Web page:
The story of growing up, for me, is the story of learning how to manage my body. This story doesn’t happen all at once, or evenly. There are good years and bad, months of quick progress and months lost to sloth and adventure. Some years I take up running in the mornings. Other years I rise early to bike to the climbing gym before work, sliding into my desk at nine thirty am having ridden 6 miles and spent an hour on the walls of Dogpatch Boulders.
There are other years, like perhaps this one, where I am held back by injuries and instead focus on muscle control, on single-leg squats, on planks and on the ability to raise my left arm above my head. These years are productive too: in twenty fourteen I spent much of the summer learning how to walk in the pool of the Park Lane in Dongguan. That stretch remains a high point of patience and growth.
Our lives, I have written, are written on our bodies as much as on the rest of the world, a topography that can be learned by others, or hidden from view. Our skills are not stagnant, they require maintenance and patience, diligence and some semblance of desire. Ten years ago I had never bouldered, had not yet taken climbing seriously. Perhaps I still have not, unwilling to put on harness or rope, unwilling to follow rigid routines on fingerboards. I still prefer the small self-built habits of the amateur over the youtube rituals of the practitioner. In this preference so much of my life can be found; the habit of writing five new characters a day to remember my Mandarin born of the park in Xujiahui some fifteen years ago is still with me in our Hong Kong apartment, though my knowledge of words has not improved as it should have given such repetition. In some ways this desire to build my own rituals is invigorating, and in some ways limiting. As with the body, the mind is an exercise in growth that rewards both dedication and new attempts.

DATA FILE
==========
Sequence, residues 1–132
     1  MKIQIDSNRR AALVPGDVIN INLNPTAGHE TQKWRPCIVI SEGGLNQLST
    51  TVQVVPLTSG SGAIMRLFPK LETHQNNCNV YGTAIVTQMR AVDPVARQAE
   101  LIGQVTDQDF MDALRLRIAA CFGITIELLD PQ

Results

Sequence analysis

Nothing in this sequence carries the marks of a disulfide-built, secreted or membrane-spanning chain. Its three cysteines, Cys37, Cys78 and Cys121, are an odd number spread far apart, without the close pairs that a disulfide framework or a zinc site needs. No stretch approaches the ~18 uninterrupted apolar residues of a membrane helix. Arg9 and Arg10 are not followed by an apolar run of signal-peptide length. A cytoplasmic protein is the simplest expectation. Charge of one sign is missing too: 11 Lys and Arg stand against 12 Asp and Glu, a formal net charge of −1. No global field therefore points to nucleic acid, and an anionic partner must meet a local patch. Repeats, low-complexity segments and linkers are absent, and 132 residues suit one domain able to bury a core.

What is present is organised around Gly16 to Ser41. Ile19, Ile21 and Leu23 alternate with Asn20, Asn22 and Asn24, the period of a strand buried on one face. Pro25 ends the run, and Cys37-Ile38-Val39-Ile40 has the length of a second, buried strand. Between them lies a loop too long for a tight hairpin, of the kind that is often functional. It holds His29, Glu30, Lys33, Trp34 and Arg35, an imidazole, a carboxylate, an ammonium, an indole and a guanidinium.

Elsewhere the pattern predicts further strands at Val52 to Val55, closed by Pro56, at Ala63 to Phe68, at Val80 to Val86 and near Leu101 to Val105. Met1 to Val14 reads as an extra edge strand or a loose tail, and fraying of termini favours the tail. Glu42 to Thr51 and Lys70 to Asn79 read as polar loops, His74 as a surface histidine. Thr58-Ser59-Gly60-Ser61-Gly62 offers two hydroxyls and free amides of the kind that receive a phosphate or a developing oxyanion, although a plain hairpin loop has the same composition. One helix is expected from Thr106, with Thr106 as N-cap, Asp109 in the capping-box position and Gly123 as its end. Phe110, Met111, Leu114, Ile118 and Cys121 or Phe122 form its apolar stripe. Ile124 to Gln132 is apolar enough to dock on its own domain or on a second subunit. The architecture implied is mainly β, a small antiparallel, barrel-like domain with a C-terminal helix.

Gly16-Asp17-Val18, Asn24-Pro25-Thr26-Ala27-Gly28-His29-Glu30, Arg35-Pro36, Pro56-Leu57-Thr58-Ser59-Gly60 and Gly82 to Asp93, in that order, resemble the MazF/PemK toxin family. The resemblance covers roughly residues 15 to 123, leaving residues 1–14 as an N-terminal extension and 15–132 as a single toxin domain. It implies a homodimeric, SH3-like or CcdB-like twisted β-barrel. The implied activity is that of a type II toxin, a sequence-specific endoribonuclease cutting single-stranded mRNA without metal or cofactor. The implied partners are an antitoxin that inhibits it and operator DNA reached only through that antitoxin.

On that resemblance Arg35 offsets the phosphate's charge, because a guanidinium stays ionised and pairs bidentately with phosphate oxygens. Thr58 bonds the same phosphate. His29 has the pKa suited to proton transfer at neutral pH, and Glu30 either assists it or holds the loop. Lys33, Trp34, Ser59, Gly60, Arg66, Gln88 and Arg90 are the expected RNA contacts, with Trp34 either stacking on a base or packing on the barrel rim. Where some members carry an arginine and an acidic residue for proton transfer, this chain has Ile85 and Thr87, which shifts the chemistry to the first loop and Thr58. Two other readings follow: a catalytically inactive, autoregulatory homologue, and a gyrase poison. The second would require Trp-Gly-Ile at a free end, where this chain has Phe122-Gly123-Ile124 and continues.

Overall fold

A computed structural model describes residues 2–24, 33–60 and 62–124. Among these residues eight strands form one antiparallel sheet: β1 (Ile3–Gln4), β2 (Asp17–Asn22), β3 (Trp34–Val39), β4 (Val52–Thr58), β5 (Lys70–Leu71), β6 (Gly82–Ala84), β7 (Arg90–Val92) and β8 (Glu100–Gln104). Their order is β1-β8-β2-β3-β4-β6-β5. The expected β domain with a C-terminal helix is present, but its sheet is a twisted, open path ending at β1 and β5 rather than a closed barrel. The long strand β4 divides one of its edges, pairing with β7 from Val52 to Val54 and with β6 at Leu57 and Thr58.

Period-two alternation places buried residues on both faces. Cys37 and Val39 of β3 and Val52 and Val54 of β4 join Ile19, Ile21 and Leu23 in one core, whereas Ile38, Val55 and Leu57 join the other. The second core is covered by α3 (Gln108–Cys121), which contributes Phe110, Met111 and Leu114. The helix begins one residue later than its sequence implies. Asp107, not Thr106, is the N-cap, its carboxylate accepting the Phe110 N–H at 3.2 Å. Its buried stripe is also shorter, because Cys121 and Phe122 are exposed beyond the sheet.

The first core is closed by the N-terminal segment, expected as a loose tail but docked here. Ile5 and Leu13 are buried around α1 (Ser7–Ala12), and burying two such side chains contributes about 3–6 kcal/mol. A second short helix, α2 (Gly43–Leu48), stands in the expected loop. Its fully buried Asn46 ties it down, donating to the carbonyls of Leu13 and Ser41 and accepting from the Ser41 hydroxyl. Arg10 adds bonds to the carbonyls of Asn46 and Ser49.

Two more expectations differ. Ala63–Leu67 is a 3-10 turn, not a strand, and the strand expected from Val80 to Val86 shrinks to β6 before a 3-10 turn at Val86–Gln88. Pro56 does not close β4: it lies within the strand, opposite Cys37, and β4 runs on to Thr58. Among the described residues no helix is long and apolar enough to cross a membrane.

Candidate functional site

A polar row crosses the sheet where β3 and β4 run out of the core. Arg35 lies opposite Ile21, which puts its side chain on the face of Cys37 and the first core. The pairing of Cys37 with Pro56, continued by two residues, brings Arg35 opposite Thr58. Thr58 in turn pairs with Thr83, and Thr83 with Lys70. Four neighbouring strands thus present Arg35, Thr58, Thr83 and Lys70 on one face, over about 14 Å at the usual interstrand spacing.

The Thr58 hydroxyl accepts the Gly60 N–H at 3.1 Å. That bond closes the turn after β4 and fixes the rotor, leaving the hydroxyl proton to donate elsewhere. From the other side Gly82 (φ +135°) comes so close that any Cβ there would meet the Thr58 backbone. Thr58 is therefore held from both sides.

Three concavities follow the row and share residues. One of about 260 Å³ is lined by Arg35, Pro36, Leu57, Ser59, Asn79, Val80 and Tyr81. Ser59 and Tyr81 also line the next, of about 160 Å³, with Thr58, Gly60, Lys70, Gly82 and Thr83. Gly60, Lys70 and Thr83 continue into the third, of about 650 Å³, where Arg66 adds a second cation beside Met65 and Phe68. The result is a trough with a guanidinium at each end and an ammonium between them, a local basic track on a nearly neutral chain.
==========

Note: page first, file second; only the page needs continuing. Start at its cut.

For the most part I manage to avoid this kind of introspection, focusing instead on the expansion of scars, the patchwork of criss crosses that now adorn my left shoulder. They compliment the two slashes that match the gaps between ribs on my left side, now mostly faded and unremarkable. All are, when clothed, less visible than the scar below my right eye. None of these are large, a minimal presence like the first scattering of stars as night falls. In this I am lucky, the product of a body that tends to good balance and has benefited from good medicine, in not-quite-equal parts.
And still, doing repeated exercises in our apartment in the quarantine days, trying and failing to raise my arm over my head with both hand and elbow flush against the wall, I am grateful for the slow pace of both recovery and growth. Halfway through my forty first year I am still learning new sports, still learning new exercises, and still able to devote hundreds of hours to each. This is the clearest kind of luck, and so I try to record my gratitude, despite the discomfort and tedium.